Turmeric – the saffron of India

Fresh Turmeric and powder from it

Turmeric or The Saffron of India

 

Historic background

While the use of this spice dates back 4000 years to the Vedic culture in India, we do know that the Vedic people used Turmeric and products derived from it as far as 4000 years back and slowly spread through other regions with Marco Polo describing Turmeric’s properties as very similar to those of Saffron.

 

Etymology

Today, turmeric is widely cultivated in the tropics and goes by different names in different cultures and countries. In North India, turmeric is commonly called “haldi,” a word derived from the Sanskrit word haridra, and in the south it is called “manjal,” a word that is frequently used in ancient Tamil literature. It is known as terre merite in French and simply as “yellow root” in many languages. In many cultures, its name is based on the Latin word curcuma. In Sanskrit, turmeric has at least 53 different names.

 

Cultivation

Turmeric itself is a plant belonging to the ginger family, which is native to tropical South Asia. As many as 133 species of Curcuma have been identified worldwide.  The turmeric plant needs temperatures between 20°C and 30°C and a considerable amount of annual rainfall to thrive.

India produces nearly all of the world’s turmeric crop and consumes 80% of it. With its inherent qualities and high content of the important bioactive compound curcumin, Indian turmeric is considered to be the best in the world.

 

Common uses

Turmeric has been put to use as a foodstuff, cosmetic, and medicine. It is widely used as a spice in South Asian and Middle Eastern cooking. The spice lends curry its distinctive yellow colour and flavour. It is used as a colouring agent in cheese, butter, and other foods.

 

Health properties

Some cultures give herbs and spices almost magical powers and turmeric is no exception. This cure-all spice, is well known for various health benefits from reducing inflammation, helping alleviate and cure asthma, bronchial hyperactivity to different respiratory allergies, indigestion, bloating, stomach aches and various eating disorders.

Consuming turmeric on a regular basis can help purify the blood, dissolve clots and thin the blood, which promotes better blood flow and increased absorption of oxygen. This helps raise your energy levels, increase sleep quality and lowers heart disease risk.

On top of this, the antioxidants found in turmeric, not only help slow the aging process, but have been proven to help people suffering from Alzheimer’s disease.

 

Interesting facts:

  • While turmeric can help with many different ailments, it is not magic but consistency is key for the effects to take place!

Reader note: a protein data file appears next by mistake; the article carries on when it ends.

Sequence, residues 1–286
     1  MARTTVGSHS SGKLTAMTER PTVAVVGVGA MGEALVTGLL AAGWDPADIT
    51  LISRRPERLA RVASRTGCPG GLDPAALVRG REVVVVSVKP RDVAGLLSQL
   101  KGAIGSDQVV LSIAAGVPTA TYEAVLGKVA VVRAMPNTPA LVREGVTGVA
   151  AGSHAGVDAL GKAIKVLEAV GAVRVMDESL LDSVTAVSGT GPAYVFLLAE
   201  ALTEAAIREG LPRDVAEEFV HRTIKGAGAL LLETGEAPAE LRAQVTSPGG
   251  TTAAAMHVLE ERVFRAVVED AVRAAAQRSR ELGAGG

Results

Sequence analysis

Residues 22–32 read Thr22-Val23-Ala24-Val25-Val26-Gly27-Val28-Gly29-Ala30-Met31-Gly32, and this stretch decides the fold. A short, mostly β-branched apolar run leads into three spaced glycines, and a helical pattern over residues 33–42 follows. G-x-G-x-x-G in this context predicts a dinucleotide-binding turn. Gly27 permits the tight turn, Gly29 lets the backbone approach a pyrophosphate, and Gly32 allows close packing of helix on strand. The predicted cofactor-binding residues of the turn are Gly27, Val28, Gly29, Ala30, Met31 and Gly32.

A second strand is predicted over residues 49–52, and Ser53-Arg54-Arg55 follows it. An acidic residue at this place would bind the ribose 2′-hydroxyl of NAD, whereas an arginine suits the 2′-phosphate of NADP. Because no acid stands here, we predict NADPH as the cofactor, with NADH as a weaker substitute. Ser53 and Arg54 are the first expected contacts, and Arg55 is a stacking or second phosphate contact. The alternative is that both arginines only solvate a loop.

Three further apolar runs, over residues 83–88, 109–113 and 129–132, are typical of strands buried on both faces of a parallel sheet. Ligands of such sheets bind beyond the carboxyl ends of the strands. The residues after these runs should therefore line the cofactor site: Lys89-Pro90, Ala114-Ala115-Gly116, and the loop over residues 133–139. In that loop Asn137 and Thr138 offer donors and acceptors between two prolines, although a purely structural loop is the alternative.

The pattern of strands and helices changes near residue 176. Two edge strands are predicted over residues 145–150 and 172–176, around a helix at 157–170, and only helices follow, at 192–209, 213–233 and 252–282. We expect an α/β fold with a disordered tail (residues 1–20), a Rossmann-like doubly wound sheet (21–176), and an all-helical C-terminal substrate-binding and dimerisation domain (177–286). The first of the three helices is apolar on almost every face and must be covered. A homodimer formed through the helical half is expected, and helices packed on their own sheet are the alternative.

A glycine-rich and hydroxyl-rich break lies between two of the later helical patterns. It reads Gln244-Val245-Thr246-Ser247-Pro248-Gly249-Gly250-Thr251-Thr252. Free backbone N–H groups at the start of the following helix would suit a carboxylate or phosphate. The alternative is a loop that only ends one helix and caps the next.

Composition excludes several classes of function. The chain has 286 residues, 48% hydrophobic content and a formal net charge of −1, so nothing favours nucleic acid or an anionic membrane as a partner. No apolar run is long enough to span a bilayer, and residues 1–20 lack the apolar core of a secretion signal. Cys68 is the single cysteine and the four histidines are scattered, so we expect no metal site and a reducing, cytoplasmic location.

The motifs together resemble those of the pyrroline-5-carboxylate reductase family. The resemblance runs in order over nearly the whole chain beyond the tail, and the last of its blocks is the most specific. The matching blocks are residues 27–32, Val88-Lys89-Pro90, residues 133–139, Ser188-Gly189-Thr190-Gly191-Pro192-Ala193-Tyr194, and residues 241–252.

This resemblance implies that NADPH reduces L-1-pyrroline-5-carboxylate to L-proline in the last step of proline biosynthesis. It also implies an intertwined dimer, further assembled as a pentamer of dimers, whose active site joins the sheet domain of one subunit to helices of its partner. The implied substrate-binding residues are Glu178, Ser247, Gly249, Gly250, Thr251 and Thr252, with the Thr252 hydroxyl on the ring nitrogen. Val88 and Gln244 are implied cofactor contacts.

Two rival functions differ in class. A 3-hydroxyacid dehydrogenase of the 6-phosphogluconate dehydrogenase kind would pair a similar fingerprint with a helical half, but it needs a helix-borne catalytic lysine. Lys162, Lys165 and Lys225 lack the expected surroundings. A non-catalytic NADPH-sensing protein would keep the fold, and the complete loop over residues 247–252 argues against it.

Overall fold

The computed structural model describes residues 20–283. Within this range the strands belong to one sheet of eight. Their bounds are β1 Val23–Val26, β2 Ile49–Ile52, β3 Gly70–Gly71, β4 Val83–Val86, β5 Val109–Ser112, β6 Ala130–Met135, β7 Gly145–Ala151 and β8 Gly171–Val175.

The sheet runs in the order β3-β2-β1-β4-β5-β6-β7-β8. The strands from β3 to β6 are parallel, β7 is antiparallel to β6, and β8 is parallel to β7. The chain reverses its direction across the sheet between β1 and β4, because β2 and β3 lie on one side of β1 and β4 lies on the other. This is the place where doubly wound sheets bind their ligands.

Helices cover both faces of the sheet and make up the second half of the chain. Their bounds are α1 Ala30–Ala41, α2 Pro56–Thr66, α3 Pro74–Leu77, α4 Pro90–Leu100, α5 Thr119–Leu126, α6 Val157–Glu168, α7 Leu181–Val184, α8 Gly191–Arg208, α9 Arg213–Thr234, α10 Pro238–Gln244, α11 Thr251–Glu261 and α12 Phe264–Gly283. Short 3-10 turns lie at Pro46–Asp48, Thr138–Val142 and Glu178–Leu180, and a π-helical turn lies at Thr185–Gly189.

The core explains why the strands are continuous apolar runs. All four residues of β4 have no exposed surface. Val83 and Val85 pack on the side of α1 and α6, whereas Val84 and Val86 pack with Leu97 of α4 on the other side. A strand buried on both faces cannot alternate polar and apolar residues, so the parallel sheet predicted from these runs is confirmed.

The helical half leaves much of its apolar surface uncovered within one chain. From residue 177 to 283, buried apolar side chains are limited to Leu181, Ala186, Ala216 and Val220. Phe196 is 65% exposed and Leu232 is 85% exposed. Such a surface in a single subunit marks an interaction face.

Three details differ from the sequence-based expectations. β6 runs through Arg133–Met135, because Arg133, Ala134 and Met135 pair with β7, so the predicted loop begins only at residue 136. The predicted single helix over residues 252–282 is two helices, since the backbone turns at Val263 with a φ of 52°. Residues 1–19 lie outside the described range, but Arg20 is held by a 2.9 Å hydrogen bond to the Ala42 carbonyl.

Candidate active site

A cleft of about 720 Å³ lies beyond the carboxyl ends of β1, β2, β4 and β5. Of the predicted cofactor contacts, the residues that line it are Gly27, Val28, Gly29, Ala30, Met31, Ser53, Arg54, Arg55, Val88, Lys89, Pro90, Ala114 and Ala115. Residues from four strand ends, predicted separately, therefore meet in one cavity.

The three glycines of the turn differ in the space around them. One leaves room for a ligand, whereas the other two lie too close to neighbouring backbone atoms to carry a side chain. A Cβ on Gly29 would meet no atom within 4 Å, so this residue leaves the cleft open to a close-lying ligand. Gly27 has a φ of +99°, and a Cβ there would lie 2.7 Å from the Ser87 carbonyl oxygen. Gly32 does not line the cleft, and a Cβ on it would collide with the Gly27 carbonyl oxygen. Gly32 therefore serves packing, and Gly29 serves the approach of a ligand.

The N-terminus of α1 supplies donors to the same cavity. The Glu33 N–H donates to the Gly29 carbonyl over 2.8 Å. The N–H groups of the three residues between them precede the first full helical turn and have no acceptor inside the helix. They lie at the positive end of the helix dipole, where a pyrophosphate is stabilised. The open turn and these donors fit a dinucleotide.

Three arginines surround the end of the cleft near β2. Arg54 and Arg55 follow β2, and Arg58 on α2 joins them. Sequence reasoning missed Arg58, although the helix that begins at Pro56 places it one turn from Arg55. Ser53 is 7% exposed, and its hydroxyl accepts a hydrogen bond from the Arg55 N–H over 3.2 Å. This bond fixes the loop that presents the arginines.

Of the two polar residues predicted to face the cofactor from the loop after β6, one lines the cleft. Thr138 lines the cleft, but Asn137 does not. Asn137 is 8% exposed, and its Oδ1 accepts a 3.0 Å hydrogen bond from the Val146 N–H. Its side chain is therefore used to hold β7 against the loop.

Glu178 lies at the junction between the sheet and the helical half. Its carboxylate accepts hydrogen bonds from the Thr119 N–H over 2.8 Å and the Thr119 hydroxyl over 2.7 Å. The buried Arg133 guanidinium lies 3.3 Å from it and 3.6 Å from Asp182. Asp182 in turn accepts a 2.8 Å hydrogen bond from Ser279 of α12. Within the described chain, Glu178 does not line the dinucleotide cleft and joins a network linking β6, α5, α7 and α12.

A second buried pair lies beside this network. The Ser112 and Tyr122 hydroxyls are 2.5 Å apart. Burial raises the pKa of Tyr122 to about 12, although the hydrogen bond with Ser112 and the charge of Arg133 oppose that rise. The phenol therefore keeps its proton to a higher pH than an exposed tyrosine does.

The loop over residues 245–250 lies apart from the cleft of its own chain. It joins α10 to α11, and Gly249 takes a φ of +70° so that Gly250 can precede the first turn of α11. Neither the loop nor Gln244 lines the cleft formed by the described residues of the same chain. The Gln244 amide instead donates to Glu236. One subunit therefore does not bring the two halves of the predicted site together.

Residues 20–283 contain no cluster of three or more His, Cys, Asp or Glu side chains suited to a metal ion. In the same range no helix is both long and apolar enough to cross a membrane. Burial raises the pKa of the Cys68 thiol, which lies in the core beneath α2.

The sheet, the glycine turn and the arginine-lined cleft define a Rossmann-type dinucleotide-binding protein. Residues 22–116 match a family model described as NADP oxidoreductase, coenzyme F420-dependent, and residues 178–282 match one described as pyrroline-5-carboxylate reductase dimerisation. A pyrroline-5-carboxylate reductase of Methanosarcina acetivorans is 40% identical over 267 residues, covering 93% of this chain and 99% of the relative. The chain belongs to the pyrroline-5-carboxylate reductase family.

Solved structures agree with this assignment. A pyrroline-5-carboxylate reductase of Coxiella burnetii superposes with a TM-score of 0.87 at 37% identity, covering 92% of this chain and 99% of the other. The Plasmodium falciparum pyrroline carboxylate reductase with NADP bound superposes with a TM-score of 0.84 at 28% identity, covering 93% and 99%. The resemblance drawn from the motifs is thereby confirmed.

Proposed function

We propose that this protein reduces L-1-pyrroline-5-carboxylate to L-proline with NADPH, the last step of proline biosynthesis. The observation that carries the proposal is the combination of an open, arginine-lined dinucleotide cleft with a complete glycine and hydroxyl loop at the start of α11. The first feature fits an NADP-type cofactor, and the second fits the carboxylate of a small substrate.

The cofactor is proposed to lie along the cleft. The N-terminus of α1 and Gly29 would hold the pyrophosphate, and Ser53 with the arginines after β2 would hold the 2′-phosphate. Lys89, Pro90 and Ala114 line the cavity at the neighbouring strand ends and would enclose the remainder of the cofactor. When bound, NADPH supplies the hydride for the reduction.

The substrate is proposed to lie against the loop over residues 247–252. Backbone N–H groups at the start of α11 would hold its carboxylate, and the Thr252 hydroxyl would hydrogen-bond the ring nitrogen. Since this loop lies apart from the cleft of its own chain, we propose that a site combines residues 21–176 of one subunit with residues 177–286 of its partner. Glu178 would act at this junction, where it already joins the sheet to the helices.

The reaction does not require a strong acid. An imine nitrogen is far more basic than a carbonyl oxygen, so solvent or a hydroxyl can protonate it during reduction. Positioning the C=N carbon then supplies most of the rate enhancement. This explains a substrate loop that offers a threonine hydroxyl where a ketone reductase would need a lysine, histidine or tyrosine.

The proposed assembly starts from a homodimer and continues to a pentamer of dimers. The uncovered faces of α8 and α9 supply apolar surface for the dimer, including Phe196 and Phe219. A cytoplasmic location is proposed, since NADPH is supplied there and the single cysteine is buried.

• Turmeric paste is applied to the skin of the bride and groom before marriage in India where it is believed to make the skin glow and keep harmful bacteria away from the body. No wonder several multinational companies are involved in making face creams based on turmeric!
  • Erode, a city in the South Indian state of Tamil Nadu, is the world’s largest producer and the most important trading centre for turmeric. It is also known as “Yellow City,” “Turmeric City,” or “Textile City.”
  • Recently the plant has been praised for its ability to prevent multiple types of cancer (skin cancer, breast cancer, oral cancer, and stomach cancer), as well as slowing the aging process. If used in combination with other herbal remedies, it can be as effective and often times more so then high-end medication and all at a fraction of the cost!

 

 Conclusion: Turmeric has a lot of underlying potential and should be looked at by anyone trying to improve their health and make any dish tastier!  

 

Disclaimer: The information provided has been well researched and written from many sources available online and the views provided is not of Namaste Delhi. Namaste Delhi do not take any responsibility for any technical error in the article. Moreover this article is purely informative and does not intend to replace and should not be construed as medical advice, nor is the information a substitute for professional medical expertise or treatment.

Also check our article on cardamom

Some of our sources used for this article are:

www.healthline.com, www.webmd.com, www.wikipedia.org, www.nullfieldhealth.com, www.everydayhealth.com

 

 

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